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Evolutionary physiology is the study of physiological evolution, which is to say, the manner in which the functional characteristics of individuals in a population of organisms have responded to selection across multiple generations during the history of the population.
It is a subdiscipline of both physiology and evolutionary biology. Practitioners in this field come from a variety of backgrounds, including physiology, evolutionary biology, ecology and genetics.
Accordingly, the range of phenotypes studied by evolutionary physiologists is broad, including life history, behavior, whole-organism performance, functional morphology, biomechanics, anatomy, classical physiology, endocrinology, biochemistry, and molecular evolution. It is closely related to comparative physiology and environmental physiology, and its findings are a major concern of evolutionary medicine.
As the name implies, evolutionary physiology is the product of what was at one time two distinct scientific disciplines. According to Garland and Carter, evolutionary physiology arose in the late 1970s, following debates concerning the metabolic and thermoregulatory status of dinosaurs (see physiology of dinosaurs) and mammal-like reptiles.
This period was followed by attempts in the early 1980s to integrate quantitative genetics into evolutionary biology, which had spill-over effects on other fields, such as behavioral ecology and ecophysiology. In the mid- to late-1980s, phylogenetic comparative methods started to become popular in many fields, including physiological ecology and comparative physiology. A 1987 volume titled "New Directions in Ecological Physiology" had little ecology but a considerable emphasis on evolutionary topics. It generated vigorous debate, and within a few years the National Science Foundation had developed a panel titled Ecological and Evolutionary Physiology.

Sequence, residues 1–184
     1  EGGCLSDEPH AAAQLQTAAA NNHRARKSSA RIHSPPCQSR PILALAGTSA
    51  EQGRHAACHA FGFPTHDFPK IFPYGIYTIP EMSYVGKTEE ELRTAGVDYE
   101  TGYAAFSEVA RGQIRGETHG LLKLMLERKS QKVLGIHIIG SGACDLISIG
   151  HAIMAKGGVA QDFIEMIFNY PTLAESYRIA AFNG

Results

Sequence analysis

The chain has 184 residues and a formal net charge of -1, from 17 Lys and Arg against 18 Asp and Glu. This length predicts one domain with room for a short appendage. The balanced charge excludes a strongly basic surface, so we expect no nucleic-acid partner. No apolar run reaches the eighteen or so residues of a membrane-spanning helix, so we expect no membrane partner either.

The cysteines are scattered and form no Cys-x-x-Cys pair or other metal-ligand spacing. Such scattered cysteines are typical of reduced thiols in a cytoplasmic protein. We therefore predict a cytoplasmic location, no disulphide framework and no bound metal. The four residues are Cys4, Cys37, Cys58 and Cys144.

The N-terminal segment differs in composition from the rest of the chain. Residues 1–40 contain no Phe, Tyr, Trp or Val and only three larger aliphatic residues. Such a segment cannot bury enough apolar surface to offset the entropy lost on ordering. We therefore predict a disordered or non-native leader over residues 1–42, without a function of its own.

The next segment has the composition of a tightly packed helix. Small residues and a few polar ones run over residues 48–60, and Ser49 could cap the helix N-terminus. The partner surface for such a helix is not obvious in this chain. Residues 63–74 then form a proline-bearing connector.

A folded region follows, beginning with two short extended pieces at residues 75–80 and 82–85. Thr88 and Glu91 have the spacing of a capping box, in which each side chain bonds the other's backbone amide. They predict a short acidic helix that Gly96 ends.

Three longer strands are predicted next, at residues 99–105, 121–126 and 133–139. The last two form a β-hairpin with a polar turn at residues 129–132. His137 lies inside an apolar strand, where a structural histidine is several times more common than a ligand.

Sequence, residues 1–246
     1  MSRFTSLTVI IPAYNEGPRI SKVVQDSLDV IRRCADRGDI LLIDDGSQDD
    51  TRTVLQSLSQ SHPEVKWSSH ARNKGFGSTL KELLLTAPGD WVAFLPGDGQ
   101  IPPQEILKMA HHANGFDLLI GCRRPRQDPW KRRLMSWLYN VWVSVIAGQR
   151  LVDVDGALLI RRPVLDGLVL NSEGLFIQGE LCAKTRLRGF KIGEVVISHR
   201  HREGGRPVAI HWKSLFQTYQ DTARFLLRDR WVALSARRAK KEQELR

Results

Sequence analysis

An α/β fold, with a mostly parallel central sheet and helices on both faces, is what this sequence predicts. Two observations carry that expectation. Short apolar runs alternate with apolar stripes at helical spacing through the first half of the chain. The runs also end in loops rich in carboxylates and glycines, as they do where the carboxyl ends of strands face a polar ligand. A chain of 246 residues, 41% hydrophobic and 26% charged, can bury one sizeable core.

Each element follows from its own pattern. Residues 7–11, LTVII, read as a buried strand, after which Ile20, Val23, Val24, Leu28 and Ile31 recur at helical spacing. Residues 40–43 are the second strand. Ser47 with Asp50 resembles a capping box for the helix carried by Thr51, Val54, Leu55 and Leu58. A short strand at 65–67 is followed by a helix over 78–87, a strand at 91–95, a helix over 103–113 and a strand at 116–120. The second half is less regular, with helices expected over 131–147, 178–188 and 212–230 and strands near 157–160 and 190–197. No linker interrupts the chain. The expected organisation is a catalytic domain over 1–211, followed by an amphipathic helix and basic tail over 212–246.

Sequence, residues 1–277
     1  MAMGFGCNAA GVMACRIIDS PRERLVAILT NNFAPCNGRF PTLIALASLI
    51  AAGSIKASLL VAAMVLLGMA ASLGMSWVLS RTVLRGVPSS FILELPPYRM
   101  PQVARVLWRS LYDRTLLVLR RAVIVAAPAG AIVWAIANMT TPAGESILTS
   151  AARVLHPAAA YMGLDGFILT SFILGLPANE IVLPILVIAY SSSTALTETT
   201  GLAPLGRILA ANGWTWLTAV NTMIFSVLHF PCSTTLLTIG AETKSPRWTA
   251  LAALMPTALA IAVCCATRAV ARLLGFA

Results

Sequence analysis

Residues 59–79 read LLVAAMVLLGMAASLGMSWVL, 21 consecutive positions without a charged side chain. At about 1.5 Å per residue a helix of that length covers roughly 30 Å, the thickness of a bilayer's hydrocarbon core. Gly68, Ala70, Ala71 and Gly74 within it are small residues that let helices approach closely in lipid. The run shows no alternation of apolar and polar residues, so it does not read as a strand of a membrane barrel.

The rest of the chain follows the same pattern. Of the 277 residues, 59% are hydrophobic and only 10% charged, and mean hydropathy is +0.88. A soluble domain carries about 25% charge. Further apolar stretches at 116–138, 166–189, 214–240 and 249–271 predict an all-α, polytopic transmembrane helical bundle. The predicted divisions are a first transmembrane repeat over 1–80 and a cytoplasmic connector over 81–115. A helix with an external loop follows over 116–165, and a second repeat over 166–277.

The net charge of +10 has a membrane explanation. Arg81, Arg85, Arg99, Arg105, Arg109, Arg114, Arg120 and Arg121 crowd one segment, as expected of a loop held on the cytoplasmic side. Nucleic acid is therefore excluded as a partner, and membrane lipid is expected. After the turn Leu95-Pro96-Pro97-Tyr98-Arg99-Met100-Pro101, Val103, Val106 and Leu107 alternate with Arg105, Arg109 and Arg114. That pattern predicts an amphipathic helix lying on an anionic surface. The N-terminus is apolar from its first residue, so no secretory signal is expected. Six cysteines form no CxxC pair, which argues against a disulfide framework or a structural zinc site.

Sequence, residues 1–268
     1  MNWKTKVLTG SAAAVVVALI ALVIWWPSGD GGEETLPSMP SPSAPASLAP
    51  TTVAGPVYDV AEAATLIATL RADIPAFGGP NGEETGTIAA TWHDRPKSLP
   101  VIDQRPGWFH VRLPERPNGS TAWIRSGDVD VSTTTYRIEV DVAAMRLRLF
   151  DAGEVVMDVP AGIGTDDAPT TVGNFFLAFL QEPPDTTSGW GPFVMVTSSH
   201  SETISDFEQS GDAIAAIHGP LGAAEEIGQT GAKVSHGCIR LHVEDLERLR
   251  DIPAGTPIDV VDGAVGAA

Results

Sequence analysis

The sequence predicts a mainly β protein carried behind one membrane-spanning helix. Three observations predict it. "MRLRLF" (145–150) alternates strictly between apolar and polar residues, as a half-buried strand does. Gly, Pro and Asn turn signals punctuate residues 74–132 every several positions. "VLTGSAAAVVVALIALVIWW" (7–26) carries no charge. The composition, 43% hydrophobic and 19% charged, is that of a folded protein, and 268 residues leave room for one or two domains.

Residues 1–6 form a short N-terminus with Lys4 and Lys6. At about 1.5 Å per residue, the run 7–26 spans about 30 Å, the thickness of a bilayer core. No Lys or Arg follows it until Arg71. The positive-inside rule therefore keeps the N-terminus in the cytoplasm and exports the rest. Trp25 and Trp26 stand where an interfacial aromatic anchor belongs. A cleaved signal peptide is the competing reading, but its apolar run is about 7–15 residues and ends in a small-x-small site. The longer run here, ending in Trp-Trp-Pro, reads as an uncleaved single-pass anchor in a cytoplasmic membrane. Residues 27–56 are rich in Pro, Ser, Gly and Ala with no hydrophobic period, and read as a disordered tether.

Shortly thereafter, selection experiments and experimental evolution became increasingly common in evolutionary physiology. Macrophysiology has emerged as a subdiscipline, in which practitioners attempt to identify large-scale patterns in physiological traits (e.g., patterns of covariation with latitude) and their ecological implications.
More recently, the importance of a merger of evolutionary biology and physiology has been argued from the perspective of functional analyses, epigenetics, and an extended evolutionary synthesis.
As a hybrid scientific discipline, evolutionary physiology provides some unique perspectives. For example, an understanding of physiological mechanisms can help in determining whether a particular pattern of phenotypic variation or covariation (such as an allometric relationship) represents what could possibly exist or just what selection has allowed. Similarly, a thorough knowledge of physiological mechanisms can greatly enhance understanding of possible reasons for evolutionary correlations and constraints than is possible for many of the traits typically studied by evolutionary biologists (such as morphology).